I offered some suggestions at the Society of Automotive Engineering meeting last year in Detroit. Let me briefly describe one of those approaches. A good encyclopedia article was published in 2003 by Bill Avery showing that the cost of energy from ammonia production is competitive with the cost of energy from gasoline. The system involves combining nitrogen and hydrogen from water electrolysis using electricity generated on a deployed Ocean Thermal Energy Conversion platform. Ammonia is easily compressed and may then be shipped at acceptable costs over long distances. If we could develop an ammonia fuel cell, we would have a cheap, efficient, clean-burning energy source for automotive vehicles. I think this could be accomplished within a period of about 10 years.

What do you think will be critical to UCSD's success in the future?
We are probably one of the top five public universities and will do quite well continuing just the way we are going. UCSD is on the right track with bringing in the best possible people we can find, and as Roger said, "Let 'em run". What needs to be corrected is the very large ratio of students to faculty in engineering, which is now out of line with what it has to be in a first-rate engineering school. Improving the ratio can only come through state support, although more designated support to the school of engineering will help.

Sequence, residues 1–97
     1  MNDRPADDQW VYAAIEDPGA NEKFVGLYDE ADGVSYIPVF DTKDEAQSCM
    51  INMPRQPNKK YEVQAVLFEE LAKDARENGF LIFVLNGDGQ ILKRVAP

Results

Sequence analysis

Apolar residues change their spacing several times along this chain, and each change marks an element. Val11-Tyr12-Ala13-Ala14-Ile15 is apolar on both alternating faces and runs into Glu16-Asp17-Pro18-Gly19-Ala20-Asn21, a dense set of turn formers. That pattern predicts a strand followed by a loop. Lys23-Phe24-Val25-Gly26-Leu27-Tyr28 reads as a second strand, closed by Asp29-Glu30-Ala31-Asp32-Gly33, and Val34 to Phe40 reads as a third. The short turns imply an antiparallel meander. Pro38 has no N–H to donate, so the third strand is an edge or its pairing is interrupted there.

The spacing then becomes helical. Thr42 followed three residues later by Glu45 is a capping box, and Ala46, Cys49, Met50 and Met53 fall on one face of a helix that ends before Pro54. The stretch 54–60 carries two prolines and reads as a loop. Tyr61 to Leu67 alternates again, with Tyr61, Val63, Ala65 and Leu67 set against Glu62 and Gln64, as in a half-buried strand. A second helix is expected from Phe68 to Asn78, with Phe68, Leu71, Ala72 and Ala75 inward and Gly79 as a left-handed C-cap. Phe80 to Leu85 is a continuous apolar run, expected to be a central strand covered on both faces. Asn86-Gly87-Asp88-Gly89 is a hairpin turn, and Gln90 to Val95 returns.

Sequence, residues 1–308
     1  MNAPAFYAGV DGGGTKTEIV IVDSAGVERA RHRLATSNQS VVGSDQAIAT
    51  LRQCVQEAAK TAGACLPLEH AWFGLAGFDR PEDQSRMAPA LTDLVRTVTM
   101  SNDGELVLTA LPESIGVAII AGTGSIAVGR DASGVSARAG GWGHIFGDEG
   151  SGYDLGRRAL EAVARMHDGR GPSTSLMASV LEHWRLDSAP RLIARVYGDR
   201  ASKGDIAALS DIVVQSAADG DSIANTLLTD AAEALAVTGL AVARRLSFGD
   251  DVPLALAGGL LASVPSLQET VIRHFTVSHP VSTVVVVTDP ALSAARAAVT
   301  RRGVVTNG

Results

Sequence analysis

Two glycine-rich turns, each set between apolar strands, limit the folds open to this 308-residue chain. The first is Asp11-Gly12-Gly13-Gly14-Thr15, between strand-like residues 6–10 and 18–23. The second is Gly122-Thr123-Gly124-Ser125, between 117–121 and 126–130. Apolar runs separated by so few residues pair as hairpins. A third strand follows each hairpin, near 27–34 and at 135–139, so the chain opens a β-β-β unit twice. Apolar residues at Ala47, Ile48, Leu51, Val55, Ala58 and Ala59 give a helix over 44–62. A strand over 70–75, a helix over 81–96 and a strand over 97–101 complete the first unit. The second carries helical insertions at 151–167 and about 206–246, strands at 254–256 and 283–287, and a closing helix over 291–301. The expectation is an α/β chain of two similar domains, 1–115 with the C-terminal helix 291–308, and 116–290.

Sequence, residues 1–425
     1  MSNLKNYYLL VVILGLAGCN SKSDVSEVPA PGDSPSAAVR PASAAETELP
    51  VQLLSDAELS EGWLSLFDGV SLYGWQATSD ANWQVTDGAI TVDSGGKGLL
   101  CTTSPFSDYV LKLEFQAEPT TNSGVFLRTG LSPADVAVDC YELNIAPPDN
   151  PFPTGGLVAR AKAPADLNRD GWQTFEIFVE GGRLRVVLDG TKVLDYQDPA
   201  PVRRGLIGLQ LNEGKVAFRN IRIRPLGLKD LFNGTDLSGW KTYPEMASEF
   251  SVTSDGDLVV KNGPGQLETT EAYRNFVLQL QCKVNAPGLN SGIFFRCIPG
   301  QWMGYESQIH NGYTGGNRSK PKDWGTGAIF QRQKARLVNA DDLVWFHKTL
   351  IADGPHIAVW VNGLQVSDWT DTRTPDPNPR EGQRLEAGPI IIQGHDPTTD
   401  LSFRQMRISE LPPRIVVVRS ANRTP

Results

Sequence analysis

The Penner Lecture Series: Building a Community of Scholars
Professor Penner recalls that in the early days of UCSD, every new faculty member was invited to give a lecture to the entire UCSD faculty and student body—from all departments. It was a grand tradition that sparked camaraderie and collaboration. Dr. Penner is helping to rekindle that spirit with an endowment gift of $165,000 to support the Stanford S. and Beverly P. Penner Lecture Series. This distinguished lecture series was founded in 2000 by the Department of Mechanical and Aerospace Engineering, and brings two to three speakers to campus each year.

"These very distinguished people coming here have brought the whole department together on numerous occasions," says Penner. "It is a special challenge for the speakers because they need to address an audience outside of their own field, but still make the talk exciting. I've been to every one of the lectures and they've all been superior."

Next in the lecture series is Professor Subra Suresh, Ford Professor of Engineering and chair of the Department of Materials Science and Engineering at the Massachusetts Institute of Technology. He will deliver his lecture "Nanomechanics of Single Biological Cells and Some Connections to Human Diseases" on March 5. Visit http://maeweb.ucsd.edu/ SSPenner_Lecture for details.


View all nine talks in the Penner Lecture series, including Stanford Penner's inaugural lecture on Energy Supplies in the 21st Century